2. In addition to clarifying your firm’s growth strategy, are you still open to the hire of a partner outside of your plan? I’ve made several placements that fit this category. The partner’s practice was not within the strategic growth plan of my client, but once the two parties started talking with each other, we all saw how it could indeed be a seamless fit. Be open to “Opportunistic Hires.” You never know where your next producing partner might come from, so you have to be open to it. I will be the first to admit that there is a quirky element of randomness in recruiting.
Ed. note: The Asia Chronicles column is authored by Kinney Recruiting. Kinney has made more placements of U.S. associates, counsels and partners in Asia than any other recruiting firm in each of the past six years. You can reach them by email: email@example.com.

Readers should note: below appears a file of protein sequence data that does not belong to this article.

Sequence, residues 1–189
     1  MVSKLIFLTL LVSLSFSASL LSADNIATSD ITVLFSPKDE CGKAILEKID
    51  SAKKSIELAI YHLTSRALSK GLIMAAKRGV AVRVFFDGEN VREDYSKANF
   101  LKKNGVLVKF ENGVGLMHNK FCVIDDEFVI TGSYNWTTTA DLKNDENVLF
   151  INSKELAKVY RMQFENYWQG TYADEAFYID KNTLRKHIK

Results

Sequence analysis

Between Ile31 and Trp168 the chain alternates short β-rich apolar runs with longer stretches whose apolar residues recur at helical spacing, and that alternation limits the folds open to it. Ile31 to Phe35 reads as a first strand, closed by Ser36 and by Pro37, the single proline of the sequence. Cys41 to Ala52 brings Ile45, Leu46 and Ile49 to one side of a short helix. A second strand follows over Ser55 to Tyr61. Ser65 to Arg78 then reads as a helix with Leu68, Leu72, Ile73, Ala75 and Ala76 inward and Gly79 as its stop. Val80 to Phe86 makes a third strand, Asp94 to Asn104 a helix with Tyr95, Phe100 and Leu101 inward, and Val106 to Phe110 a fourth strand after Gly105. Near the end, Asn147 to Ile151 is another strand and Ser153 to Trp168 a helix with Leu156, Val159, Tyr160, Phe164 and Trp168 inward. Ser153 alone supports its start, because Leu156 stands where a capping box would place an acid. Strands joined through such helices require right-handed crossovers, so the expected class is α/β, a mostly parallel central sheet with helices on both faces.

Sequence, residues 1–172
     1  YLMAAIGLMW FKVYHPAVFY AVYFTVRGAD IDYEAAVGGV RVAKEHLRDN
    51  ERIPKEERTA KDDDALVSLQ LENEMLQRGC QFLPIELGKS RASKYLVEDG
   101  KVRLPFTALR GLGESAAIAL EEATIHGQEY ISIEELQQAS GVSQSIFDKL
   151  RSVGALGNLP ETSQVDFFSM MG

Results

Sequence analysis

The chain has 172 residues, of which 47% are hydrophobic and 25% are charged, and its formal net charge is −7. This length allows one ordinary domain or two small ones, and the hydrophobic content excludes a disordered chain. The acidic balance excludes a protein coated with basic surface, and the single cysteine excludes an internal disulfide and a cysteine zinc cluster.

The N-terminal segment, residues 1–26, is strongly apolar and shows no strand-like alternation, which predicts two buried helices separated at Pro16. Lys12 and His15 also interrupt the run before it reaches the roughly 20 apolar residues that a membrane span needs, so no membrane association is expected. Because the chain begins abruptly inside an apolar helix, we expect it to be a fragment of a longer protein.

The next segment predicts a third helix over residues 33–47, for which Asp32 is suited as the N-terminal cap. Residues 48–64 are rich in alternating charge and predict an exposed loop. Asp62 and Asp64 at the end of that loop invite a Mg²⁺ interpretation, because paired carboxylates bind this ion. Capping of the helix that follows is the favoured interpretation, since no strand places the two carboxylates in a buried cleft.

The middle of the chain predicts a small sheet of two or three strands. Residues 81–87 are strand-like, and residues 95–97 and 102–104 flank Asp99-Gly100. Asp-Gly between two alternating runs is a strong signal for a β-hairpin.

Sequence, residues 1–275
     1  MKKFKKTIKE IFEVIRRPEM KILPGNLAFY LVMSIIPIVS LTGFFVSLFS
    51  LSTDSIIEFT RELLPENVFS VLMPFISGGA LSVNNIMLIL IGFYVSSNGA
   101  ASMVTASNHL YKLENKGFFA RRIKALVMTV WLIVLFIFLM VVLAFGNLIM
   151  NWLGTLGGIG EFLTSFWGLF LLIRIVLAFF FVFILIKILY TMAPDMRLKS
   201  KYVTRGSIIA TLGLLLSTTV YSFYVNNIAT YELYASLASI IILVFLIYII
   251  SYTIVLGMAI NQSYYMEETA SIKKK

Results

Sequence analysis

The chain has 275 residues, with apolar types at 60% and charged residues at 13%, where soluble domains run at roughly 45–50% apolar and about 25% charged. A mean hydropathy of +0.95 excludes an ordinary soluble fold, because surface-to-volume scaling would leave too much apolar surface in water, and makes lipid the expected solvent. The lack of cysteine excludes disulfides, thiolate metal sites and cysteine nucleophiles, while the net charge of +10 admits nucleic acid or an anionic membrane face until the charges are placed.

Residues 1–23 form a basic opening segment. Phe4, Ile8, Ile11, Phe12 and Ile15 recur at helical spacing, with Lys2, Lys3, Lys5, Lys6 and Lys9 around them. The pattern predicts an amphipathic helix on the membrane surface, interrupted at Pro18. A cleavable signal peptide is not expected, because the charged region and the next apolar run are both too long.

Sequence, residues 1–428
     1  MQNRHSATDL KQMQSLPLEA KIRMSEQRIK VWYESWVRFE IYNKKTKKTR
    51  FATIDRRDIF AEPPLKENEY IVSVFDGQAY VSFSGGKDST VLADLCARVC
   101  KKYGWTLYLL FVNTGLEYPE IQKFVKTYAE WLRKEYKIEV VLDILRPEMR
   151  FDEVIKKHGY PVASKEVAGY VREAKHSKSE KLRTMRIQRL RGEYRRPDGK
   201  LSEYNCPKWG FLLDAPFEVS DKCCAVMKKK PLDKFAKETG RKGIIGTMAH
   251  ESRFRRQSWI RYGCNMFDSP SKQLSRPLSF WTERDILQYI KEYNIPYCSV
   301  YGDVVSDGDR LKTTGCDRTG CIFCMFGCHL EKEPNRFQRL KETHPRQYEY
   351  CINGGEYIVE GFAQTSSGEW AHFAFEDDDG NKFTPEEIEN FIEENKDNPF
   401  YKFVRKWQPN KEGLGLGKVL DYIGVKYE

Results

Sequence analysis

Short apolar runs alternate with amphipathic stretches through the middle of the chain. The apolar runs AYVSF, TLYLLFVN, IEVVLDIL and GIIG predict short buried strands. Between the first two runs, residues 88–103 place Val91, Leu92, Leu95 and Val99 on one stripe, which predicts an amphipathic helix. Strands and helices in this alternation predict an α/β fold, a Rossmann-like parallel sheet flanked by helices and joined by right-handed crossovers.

We currently have a very exciting and rare type of in-house opening in China at one of the world’s leading internet and social media companies. Our client is looking for an IP Transactional / TMT / Licensing attorney with 2 to 6 years experience. The new hire will be based in Shenzhen or Shanghai. Mandarin is not required (deal documentation will be in English) but is preferred. A solid reason to be in China and a commitment to that market is required of course. This new hire will likely be US qualified (but could also be qualified in UK or other jurisdictions) and with experience and training at a top law firm’s IP transactional / TMT practice and could be currently at a law firm or in-house. Qualified candidates currently Asia based, Europe based or US based will be considered. The new hire’s supervisors in this technology transactions in-house team are very well regarded US trained IP transactional lawyers, with substantial experience at Silicon Valley firms. The culture and atmosphere in this in-house group and the company in general is entrepreneurial, team oriented, and the work is cutting edge, even for a cutting edge industry. The upside of being in an important strategic in-house position in this fast growing and world leading internet company is of the “sky is the limit” variety. Its a very exciting place to be in China for a rising IP transactional lawyer in our opinion, for many reasons beyond the basic info we can share here in this ad / post. This is a special A+ opportunity.